Ernest Shackleton citations

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Ernest Shackleton

Date de naissance: 15. février 1874
Date de décès: 5. janvier 1922

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Ernest Henry Shackleton, né le 15 février 1874 à Kilkea en Irlande, et mort le 5 janvier 1922 dans l'île de la Géorgie du Sud, est un explorateur britannique, considéré comme l'une des principales figures de l'âge héroïque de l'exploration en Antarctique et même, par un expert en leadership tel que le britannique John Adair, comme le plus grand leader du XXe siècle.

Shackleton prend contact pour la première fois avec les régions polaires en 1901 en tant que troisième officier lors de l'expédition Discovery menée par Robert Falcon Scott, qu'il doit quitter avant son terme pour raisons de santé.

Déterminé à faire oublier cet échec personnel, il retourne en Antarctique en 1907 comme chef de l'expédition Nimrod. En janvier 1909, il établit, alors, avec trois compagnons, un record avec une marque à la latitude 88°23'S, soit à près de 100 milles du pôle Sud. Cet exploit lui vaut d'être anobli par le roi Édouard VII dès son retour.

Après la conquête du pôle sud en 1911 par Roald Amundsen, Shackleton porte son attention sur ce qu'il estime être le dernier grand objectif de l'Antarctique : la traversée du continent de la mer de Weddell à la mer de Ross via le pôle. Il monte, à cette fin, ce qui est devenu l'expédition Endurance. La malchance le frappe lors de cette expédition et le navire, l'Endurance, se retrouve emprisonné plusieurs mois dans les glaces. Il est lentement écrasé par la pression des glaces, obligeant les hommes à débarquer. S'ensuit une série d'exploits - dont un ultime sauvetage sans aucune perte humaine – qui va asseoir le mythe de Shackleton, bien que ce ne fut pas immédiatement évident.

En 1921, il retourne en Antarctique avec l'expédition Shackleton-Rowett, dans l'intention de mener à bien un programme scientifique et des explorations. Avant que le travail ne commence, quelques heures après avoir jeté l'ancre dans l'anse de Grytviken en Géorgie du Sud, Shackleton meurt d'une crise cardiaque dans sa goélette, le Quest. À la demande de son épouse, il est enterré sur place, où il a accompli l'un de ses plus grands exploits.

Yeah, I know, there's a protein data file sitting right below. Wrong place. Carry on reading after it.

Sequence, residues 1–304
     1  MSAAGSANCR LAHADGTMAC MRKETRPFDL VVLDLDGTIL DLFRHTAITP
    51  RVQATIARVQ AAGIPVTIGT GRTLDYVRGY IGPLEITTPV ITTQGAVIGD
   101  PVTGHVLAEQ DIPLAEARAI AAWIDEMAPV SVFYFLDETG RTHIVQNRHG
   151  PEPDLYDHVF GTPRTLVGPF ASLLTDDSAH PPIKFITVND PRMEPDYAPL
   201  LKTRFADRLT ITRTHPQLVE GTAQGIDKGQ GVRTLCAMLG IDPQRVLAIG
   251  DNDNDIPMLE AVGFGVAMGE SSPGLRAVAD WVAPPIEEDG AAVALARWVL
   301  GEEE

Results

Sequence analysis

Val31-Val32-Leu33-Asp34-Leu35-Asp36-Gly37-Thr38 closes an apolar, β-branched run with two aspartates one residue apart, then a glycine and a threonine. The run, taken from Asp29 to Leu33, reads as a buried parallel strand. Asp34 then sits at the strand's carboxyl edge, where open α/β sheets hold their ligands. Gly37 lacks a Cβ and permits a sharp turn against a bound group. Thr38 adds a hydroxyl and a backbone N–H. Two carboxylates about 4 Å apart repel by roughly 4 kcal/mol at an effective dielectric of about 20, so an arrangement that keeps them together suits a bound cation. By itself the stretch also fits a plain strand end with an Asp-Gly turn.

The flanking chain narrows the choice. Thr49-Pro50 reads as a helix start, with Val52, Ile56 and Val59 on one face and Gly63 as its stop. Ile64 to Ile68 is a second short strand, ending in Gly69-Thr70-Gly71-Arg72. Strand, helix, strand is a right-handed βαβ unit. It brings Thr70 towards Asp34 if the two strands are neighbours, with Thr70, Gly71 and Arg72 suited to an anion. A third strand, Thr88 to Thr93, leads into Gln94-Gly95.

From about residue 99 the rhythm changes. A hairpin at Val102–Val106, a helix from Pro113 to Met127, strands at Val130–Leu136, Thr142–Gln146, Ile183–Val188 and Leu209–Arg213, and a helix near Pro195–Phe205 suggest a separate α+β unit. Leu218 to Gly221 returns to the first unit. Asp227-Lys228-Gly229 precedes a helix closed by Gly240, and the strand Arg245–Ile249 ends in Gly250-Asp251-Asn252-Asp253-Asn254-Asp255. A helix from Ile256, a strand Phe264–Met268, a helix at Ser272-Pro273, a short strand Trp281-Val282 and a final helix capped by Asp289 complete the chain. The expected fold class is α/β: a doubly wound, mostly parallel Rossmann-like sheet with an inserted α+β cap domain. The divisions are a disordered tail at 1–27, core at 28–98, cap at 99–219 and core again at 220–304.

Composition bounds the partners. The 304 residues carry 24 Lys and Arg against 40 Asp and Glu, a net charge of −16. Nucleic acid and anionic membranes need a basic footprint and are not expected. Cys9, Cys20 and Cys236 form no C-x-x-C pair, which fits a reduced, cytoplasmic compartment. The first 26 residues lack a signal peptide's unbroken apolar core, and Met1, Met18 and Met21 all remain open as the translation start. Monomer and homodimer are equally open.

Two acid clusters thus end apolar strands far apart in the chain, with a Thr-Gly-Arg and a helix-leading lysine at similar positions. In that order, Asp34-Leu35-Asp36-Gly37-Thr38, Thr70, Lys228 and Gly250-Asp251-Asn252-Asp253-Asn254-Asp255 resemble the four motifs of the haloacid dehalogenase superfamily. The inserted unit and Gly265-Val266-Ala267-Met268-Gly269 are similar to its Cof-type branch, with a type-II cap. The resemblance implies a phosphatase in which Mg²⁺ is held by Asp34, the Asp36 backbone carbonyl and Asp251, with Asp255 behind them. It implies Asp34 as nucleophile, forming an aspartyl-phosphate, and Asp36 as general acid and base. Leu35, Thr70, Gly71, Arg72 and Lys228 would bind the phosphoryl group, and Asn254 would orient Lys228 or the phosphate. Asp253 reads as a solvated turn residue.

Loin de ses expéditions, la vie de Shackleton est généralement agitée et insatisfaisante. Cherchant à faire fortune rapidement, il lança un grand nombre d'entreprises dont aucune ne prospérera. Ses affaires financières sont plutôt nébuleuses et, à sa mort, il doit plus de 40 000 livres sterling . À l'annonce de son décès, il est salué dans la presse européenne, puis tombe dans l'oubli, tandis que la réputation d'héroïsme de son rival Scott est entretenue.

Dans les années quatre-vingt, Shackleton est « redécouvert » ,, et devient en peu d'années une figure culte, un modèle de leadership qui, dans des circonstances extrêmes, a gardé son équipe unie pour réaliser l'une des histoires de survie les plus mémorables de l'histoire polaire.

Citations Ernest Shackleton

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„At the bottom of the fall we were able to stand again on dry land.“

— Ernest Shackleton
Context: At the bottom of the fall we were able to stand again on dry land. The rope could not be recovered. We had flung down the adze from the top of the fall and also the logbook and the cooker wrapped in one of our blouses. That was all, except our wet clothes, that we brought out of the Antarctic, which we had entered a year and a half before with well-found ship, full equipment, and high hopes. That was all of tangible things; but in memories we were rich. We had pierced the veneer of outside things. We had "suffered, starved and triumphed, groveled down yet grasped at glory, grown bigger in the bigness of the whole. We had seen God in His splendours, heard the text that Nature renders." We had reached the naked soul of man. Ch 10 : Across South Georgia; in this extract, Shackleton was paraphrasing the poem "The Call of the Wild" by Robert Service, published in 1907.

„The difficulties of the journey lay behind us.“

— Ernest Shackleton